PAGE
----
When I was programming in C#, I used to send all recursive tasks to an unmanaged C code, since the .NET performance was problematic. And now, looking back at my past experience, I think of the benefits of such code division. Do I really benefit from it, and if yes, how much? What is the best way of building API with such approach? (more…)
Due to the fact that in my company, Solr was chosen as a full-text search platform, there appeared a strong desire to simplify the work with Solr queries using LINQ expressions.
Having surfed the Internet for alternatives, I came to the conclusion that at the moment I do not have the required library to be publicly available. The maximum I managed to find is a very partial implementation of Solr.NET queries (and the skeptic comment of the author himself).
C# is a multi-paradigm programming language. Recently, the course has been set towards new functional constructions in C#. We can go further and add other extension methods that allow writing less code without ‘climbing’ in the F# territory.
Usage of UUID as a primary key for tables has a bunch of pros, including the option to retrieve IDs for objects created in a client application on its own without calls to the database server. However, usage of UUID as a primary key has a con: GUIDs generated by the client application may be not quite SQL Server-friendly that can lead to the overhead during the addition of a new record. (more…)
Hangfire is a multi-threaded and scalable task scheduler built on client-server architecture on .NET stack (Task Parallel Library and Reflection) with the intermediate storage in a database. There is a free LGPL v3 version with open source. In this article, we are going to explore how to use Hangfire.
In my previous publication, we have started analyzing JIT compilation. Today we are going to explore method dispatch of interfaces and generics (both for classes and separate methods along with real signatures), as well as how to debug release-mode assemblies with optimization. In addition, we’ll figure out the true purpose of System.__Canon.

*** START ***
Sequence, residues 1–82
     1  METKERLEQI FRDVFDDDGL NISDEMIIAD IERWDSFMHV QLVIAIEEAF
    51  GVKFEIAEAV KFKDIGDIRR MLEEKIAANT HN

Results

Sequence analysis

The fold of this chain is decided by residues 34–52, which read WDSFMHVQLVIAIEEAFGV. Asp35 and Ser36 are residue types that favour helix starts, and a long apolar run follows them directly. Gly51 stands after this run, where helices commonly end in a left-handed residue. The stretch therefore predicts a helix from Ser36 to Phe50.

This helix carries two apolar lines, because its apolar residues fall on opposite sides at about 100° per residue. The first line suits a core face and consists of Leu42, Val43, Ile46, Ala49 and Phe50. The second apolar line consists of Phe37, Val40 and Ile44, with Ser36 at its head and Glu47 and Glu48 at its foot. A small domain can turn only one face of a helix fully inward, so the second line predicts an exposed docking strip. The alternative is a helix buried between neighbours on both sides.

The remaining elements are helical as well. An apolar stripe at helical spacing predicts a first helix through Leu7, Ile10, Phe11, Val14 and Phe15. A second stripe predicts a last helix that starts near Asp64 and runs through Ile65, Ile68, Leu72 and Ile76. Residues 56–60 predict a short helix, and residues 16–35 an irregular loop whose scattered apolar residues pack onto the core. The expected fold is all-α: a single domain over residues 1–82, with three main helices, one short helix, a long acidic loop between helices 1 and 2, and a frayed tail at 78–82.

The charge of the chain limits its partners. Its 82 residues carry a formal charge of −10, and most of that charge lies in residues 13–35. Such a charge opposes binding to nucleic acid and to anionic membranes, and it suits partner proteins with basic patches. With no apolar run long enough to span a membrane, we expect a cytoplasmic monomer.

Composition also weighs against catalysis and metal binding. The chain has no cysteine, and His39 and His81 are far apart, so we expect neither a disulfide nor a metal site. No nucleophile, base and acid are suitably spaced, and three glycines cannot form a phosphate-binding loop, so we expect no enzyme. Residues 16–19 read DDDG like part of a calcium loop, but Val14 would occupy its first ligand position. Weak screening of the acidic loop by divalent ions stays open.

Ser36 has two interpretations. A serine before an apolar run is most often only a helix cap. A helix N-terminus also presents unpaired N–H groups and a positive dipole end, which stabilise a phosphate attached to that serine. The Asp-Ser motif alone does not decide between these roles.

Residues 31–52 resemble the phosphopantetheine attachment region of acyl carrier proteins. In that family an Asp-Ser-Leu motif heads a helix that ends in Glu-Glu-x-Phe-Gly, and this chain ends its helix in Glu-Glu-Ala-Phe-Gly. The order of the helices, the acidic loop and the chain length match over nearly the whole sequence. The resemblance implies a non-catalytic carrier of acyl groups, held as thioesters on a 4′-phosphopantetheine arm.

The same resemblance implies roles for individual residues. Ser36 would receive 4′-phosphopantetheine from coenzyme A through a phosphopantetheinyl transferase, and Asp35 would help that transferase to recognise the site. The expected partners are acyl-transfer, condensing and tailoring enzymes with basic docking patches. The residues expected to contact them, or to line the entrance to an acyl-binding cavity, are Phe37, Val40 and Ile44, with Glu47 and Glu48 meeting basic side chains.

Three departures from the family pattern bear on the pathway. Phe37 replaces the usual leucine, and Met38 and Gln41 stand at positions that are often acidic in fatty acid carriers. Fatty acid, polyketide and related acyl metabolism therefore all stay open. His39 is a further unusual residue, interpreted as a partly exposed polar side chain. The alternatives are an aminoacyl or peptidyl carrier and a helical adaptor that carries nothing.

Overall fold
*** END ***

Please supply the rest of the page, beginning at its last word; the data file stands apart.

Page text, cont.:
I think many developers have been wondering: How many bytes does an object instance take in managed code? What’s the limit for a CLR object? Are there any differences between 32-bit and 64-bit systems for memory allocation?
Now, I am going to describe this process on a particular example to check whether it will allow us to determine the use of the object comparison by value in general and thus, to simplify a sample of comparing objects by value – class instances that represent reference types.
It is a common fact that the .NET object model, as well as other software program platforms, allow comparing objects by reference and by value.
By default, two objects are equal if the corresponding object variables have the same reference. Otherwise, they are different.
However, in some cases, you may need to state that two objects belonging to the same class are equal if their content match in a certain way.
Assume we have the Person class, which contains some personal data – First Name, Last Name, and Birth date.
Consider the following points:
- What is the minimum required number of class modifications to assure comparing class objects by values with the help of the standard .NET architecture?
- What is the minimum required number of class modifications to assure comparing class objects by values (every time, if not explicitly stated that objects may be compared by a reference) with the help of the standard .NET architecture?
For each case, we will see the best way to compare objects by value to get a consistent, compact, copy-paste free, and productive code. It is not as trivial as it may seem for the first time.
Sorting is a typical task each programmer should be aware of. That’s why this article is dedicated to the implementation of sorting in .NET. I will describe how array sorting works in .NET, its aspects, and make a small comparison with sorting in Java.
Let’s begin with the fact that the first versions of .NET use the quicksort algorithm by default. So, let’s consider pros and cons of the quicksort.
- One of the most high-performance algorithms(on a practical level) of general-purpose internal sorting.
- Easy implementation.
- Requires just O(logn) of additional memory for its operation.
- Can be easily combined with cashing and internal memory mechanisms.